Trucks at Work

In praise of mentoring

With all the frequent and necessary talk about technology, equipment costs, fuel economy, among many other vital topics in this industry, we often forget that at the end of the day trucking is really at its heart all about people.

I mean, without skilled and safety-minded drivers, trucks don’t deliver their loads either on time or in one piece. And it goes without saying that that there’s always a high element of risk present when piloting an 80,000 lbs. big rig at 63 miles on hour on a crowded highway.

And even though motorists are more likely to trigger a crash involving a tractor-trailer, quick-thinking action by the truck driver can often nip a potentially bad situation in the bud – if that driver has the right personality and training that is.

Thus we come to the subject of mentoring.

In Greek mythology, “Mentor” is an old man who became a friend to the legendary Odysseus and who served as co-guardian of the estate and son of Odysseus, Telemachus, when the Greeks sallied forth to the Trojan War in the Homeric epic "The Iliad."

In an interesting plot twist, the goddess Athena disguises herself as Mentor in order to help Telemachus stand up to the rapacious suitors for his mother Penelope’s hand (everyone thinking that Odysseus had perished in the Trojan War.)

Posing as Mentor (the old white-haired fellow in the photo at left), the goddess thus encouraged Telemachus to stand up to the devious suitors and then go abroad to find out what happened to his father.

When Odysseus finally returned to his home in Ithaca, Greece (after 20 years of wandering adventures chronicled in Homer’s second grand epic “The Odyssey”) Athena appeared briefly in the form of Mentor again at Odysseus' palace.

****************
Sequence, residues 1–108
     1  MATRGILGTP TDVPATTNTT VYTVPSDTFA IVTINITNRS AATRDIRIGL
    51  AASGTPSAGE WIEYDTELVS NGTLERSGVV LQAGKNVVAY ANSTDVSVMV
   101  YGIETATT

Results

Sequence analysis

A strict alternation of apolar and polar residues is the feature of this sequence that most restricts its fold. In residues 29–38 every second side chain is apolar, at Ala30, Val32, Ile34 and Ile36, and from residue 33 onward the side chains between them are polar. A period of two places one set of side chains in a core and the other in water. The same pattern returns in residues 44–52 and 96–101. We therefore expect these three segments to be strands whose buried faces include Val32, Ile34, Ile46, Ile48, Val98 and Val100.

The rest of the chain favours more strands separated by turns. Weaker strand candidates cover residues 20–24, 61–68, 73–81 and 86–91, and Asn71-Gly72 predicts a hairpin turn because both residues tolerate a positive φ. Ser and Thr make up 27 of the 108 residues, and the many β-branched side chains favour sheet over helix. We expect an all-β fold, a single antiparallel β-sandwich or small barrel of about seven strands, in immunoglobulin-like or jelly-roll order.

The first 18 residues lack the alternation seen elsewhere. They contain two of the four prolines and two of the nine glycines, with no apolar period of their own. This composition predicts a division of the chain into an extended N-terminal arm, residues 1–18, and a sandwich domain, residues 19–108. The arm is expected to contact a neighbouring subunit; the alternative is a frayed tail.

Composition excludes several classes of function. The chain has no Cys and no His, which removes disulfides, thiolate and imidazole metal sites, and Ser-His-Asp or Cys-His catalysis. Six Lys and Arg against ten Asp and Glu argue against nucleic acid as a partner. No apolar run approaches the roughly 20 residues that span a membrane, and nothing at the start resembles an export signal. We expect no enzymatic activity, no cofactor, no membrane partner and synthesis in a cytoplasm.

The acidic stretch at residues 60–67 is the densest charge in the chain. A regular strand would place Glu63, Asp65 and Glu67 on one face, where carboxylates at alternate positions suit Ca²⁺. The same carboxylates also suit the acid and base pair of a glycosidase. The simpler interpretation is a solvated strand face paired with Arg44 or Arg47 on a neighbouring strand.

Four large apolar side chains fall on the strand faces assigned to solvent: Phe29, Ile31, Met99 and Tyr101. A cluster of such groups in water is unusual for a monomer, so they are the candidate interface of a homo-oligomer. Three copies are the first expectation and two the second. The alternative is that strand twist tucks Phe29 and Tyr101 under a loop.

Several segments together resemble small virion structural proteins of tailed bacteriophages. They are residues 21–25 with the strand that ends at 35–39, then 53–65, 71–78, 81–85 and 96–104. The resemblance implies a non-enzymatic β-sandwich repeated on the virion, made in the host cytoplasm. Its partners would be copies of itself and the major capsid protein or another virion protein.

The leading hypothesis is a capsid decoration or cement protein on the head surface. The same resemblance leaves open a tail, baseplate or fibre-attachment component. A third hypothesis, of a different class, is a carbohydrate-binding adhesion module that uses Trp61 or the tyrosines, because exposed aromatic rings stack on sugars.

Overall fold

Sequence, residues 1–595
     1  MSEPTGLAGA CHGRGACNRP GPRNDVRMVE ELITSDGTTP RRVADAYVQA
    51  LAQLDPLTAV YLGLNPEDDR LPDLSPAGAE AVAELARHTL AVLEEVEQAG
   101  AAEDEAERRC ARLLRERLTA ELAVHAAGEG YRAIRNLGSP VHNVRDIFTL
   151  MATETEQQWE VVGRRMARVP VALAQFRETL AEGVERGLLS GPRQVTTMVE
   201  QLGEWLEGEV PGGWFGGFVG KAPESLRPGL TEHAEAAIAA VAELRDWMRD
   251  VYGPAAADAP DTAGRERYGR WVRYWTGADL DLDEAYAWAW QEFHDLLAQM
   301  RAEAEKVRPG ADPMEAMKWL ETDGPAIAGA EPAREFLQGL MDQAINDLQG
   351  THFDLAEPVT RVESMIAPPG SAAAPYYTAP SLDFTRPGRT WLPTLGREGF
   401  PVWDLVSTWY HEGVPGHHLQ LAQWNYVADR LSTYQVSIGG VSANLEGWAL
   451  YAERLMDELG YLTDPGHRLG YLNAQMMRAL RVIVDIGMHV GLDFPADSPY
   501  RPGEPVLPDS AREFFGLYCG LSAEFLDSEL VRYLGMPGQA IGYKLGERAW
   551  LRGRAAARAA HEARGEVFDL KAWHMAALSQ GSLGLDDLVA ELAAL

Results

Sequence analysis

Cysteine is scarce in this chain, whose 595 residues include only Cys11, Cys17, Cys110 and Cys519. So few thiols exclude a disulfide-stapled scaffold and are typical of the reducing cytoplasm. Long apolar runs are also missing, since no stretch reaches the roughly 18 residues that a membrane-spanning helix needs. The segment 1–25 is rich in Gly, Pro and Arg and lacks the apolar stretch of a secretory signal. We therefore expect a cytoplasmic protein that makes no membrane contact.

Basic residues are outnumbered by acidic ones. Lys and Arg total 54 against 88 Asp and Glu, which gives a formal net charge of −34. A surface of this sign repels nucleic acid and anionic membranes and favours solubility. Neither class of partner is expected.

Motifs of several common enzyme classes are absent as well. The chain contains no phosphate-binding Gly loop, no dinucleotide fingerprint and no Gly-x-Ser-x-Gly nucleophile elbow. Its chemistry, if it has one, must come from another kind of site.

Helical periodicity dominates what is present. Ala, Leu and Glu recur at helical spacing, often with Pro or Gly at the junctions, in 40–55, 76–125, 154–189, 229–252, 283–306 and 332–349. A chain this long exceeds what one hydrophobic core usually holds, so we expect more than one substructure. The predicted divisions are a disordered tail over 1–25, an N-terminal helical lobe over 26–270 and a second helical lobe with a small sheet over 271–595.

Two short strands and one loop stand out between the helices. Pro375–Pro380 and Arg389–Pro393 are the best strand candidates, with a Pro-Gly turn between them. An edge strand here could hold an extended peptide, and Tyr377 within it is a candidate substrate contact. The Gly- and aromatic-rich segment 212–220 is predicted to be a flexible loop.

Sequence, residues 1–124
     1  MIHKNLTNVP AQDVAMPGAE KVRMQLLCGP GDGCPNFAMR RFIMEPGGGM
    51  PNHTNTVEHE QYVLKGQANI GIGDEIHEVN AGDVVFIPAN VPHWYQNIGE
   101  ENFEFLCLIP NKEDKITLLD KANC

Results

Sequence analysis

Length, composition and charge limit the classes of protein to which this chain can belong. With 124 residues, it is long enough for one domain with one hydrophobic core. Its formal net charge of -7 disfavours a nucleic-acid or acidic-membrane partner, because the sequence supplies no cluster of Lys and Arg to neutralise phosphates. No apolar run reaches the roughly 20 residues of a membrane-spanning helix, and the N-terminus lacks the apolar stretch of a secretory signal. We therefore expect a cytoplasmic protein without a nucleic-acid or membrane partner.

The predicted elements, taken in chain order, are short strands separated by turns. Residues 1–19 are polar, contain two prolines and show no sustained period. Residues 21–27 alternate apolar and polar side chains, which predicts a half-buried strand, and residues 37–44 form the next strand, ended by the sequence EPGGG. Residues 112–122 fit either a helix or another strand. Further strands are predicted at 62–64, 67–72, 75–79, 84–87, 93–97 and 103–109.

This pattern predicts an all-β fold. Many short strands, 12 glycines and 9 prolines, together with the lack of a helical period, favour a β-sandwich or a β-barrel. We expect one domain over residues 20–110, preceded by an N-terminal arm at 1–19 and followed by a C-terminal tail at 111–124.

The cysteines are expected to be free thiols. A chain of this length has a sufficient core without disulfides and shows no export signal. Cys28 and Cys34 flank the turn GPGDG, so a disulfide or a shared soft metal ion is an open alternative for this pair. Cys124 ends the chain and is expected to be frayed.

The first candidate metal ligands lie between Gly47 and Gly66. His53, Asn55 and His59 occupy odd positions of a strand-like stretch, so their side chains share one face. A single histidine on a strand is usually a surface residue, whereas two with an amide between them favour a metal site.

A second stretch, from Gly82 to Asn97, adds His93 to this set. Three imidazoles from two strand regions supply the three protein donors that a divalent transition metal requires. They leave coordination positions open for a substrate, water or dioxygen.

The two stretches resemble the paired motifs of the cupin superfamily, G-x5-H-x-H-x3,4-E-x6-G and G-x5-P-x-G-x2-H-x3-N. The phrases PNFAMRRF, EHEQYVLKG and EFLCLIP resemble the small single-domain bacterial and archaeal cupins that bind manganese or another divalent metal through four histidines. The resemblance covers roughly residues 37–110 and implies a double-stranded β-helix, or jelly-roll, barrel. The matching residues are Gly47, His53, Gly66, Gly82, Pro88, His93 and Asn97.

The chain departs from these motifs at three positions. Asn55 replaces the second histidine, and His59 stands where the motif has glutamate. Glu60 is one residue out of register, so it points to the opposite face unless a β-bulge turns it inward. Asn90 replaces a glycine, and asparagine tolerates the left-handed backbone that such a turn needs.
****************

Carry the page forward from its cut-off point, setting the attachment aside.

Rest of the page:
It’s because of Mentor's relationship with Telemachus, and the especially the disguised Athena's encouragement and practical plans for dealing with personal dilemmas, that the name “Mentor” made its way into the English language as a term meaning “someone who imparts wisdom to and shares knowledge with a less experienced colleague.”

In trucking, at least from where I sit, mentoring is an often-overlooked asset especially when it comes to finding and keeping good drivers (and you can go here and here for more examples of what I mean.)

Truck drivers themselves also make great mentors, especially in terms of passing on their accumulated knowledge regarding highway safety to the next generation. Trucker Buddy International is one group that’s done great work in this area and you can click here to see an example for yourself.

Yet the main reason I’m posting on this topic today is that I lost my very own mentor back on July 4 – a great lady by the name of Nancy Coe Bailey (at right).

She was my very first editor; the one who patiently taught the basics of journalism to a long-winded Civil War history major (that would be me) and got me started in the business of writing about trucks for a living over two decades ago.

The “trucks” I first started writing about were utility vehicles; the ubiquitous bucket trucks that service overhead power lines, pickups for work crews, and the like. Nancy taught me how to put myself in the minds of our readers – in this case electric and gas utility company fleets managers – to better focus my reporting.

Her mentoring proved very critical in helping me learn the craft of “truck writing” as many in the industry now call it and the lessons she taught me remain with me to this very day.

Even though I hadn’t spoken with her in almost a decade since I’d moved to Fleet Owner and got happily entangled raising a family of three girls, her presence in my writing remains and I am eternally grateful for it.

This isn’t to say mentoring like what I experienced from nancy makes for a "slam dunk” in trucking, especially where driving is concerned. But it’s something to keep in mind as the industry continues to search for ways to impart better skills and a better mindset to those in charge of hauling freight across the U.S. day in and day out.

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